A new study has pointed out that only one injection is required to reverse muscle wasting in cancer, if an experimental technique used in mice is found to be successful in humans.
Like humans, mice with cancer experience severe muscle wasting. Mice with colon cancer studied by HQ Han and colleagues at Amgen Research in California stopped eating, and lost 20 per cent of their body weight in three weeks.
Many tumours produce a molecule called activin, which plays a role in muscle breakdown. So Han and his team injected a protein that mops up excess activin, five or 14 days after mice were implanted with a colon tumour.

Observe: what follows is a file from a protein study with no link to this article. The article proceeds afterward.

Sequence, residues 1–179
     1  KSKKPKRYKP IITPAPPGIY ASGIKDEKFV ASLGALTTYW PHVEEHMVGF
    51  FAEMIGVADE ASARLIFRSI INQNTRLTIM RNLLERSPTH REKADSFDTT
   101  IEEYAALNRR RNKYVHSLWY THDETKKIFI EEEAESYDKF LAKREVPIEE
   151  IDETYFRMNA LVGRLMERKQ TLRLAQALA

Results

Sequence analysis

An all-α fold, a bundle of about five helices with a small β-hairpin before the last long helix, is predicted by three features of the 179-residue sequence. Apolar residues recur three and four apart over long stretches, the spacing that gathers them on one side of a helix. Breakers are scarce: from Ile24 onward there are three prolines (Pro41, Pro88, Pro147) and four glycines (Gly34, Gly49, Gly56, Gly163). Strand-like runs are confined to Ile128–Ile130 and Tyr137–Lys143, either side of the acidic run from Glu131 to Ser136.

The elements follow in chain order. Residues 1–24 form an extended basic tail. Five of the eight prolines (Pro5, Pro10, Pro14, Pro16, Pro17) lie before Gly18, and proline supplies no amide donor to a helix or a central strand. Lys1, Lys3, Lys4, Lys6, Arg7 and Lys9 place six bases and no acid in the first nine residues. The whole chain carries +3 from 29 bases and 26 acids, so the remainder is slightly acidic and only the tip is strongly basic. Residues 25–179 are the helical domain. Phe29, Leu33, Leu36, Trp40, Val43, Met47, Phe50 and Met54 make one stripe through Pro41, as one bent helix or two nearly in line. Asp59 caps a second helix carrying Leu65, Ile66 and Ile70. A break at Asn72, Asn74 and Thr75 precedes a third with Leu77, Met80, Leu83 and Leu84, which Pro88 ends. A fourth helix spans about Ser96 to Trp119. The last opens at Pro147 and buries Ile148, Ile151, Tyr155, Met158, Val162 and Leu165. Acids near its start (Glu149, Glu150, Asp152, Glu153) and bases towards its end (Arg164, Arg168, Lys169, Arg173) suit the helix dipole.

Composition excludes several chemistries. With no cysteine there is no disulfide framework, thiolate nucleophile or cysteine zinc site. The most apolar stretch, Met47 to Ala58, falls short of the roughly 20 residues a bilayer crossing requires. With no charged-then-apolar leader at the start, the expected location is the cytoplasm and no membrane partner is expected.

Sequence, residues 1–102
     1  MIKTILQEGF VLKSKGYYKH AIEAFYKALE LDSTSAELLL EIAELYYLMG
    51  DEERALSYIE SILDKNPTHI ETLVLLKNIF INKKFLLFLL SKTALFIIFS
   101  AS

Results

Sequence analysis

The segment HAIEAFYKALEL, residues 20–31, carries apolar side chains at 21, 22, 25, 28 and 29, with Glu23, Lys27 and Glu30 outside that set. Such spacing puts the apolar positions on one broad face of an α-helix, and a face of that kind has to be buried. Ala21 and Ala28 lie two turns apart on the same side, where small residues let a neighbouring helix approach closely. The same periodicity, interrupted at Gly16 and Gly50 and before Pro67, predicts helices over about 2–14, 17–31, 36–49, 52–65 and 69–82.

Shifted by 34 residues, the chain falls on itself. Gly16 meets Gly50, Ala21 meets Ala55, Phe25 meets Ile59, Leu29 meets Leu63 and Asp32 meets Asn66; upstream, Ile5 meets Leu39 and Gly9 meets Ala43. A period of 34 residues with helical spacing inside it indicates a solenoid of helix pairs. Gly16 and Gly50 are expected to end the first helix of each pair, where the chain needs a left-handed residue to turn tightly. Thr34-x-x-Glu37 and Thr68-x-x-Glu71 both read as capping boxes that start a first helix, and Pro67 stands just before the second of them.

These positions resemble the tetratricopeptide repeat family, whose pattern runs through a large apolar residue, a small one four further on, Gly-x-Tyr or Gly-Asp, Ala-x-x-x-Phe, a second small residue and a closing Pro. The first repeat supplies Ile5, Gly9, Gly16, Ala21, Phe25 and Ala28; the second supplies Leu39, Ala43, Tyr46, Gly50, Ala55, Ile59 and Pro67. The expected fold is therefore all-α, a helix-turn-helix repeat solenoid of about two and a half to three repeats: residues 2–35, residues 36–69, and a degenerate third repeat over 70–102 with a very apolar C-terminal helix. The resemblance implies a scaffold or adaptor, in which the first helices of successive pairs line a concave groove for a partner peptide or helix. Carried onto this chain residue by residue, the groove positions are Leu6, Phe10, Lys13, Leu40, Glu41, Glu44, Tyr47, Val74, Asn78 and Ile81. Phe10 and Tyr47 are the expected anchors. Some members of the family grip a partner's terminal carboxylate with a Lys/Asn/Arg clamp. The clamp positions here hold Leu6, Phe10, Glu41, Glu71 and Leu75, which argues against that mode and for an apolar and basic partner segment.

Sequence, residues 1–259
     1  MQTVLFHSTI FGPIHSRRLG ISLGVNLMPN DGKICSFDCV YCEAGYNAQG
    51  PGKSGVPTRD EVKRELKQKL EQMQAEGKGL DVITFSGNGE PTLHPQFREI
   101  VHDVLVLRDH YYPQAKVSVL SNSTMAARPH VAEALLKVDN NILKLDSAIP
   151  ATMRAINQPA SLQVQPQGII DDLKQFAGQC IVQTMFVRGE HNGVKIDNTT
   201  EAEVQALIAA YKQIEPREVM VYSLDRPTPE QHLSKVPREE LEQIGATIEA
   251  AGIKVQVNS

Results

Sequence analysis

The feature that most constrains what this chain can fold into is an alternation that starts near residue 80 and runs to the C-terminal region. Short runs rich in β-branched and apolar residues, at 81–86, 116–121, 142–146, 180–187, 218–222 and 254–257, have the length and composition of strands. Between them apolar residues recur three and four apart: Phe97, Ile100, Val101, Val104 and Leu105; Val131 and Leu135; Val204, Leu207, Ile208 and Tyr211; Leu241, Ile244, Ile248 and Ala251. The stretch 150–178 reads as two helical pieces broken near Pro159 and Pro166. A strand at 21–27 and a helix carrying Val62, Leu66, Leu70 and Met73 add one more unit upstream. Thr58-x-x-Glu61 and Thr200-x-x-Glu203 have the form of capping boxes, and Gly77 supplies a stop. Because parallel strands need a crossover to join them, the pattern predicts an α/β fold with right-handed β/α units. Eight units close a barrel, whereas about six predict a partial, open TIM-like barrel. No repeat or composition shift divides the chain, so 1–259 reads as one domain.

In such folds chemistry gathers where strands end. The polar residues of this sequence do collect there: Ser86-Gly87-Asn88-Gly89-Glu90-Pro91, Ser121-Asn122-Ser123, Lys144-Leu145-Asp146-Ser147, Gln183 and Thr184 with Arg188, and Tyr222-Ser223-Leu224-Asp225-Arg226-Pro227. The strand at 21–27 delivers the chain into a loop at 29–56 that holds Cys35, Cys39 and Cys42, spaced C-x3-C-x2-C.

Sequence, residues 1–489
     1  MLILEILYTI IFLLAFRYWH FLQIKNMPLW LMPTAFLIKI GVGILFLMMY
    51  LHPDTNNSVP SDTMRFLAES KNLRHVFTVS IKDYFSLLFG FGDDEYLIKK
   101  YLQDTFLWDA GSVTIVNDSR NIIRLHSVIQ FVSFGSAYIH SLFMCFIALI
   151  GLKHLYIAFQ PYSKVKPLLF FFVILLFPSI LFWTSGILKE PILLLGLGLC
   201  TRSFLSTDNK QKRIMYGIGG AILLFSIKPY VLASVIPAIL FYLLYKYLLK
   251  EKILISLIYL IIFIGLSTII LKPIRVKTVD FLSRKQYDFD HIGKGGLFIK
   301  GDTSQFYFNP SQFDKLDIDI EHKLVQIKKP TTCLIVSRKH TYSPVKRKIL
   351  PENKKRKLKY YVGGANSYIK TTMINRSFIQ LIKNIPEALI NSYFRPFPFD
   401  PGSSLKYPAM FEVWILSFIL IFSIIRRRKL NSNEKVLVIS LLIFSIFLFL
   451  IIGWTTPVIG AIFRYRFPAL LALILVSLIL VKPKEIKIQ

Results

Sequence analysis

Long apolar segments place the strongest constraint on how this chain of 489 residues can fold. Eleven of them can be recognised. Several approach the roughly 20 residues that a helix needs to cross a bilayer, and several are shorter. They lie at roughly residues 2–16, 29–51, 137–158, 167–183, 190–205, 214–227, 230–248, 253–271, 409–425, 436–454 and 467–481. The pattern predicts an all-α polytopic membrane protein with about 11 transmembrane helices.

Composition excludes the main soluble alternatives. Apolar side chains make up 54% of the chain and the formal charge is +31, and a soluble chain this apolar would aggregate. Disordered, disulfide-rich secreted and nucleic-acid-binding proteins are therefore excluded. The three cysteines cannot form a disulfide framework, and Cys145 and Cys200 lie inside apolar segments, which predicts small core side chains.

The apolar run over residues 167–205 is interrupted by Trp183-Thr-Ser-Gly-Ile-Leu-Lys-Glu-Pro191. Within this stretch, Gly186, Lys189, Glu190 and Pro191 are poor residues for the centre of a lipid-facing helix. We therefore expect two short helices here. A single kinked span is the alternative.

In both cases, the mice started eating and their body weight returned to normal within two weeks. Mice with gonad tumours responded in a similar way.
The treatment also led to the mice surviving longer. By the time all the untreated mice had died, around 90 per cent of the treated mice were still alive.
"The findings highlight the importance of preserving muscle mass for survival," New Scientist quoted Kate Murphy at the University of Melbourne, as saying.
The study is published in Journal Cell.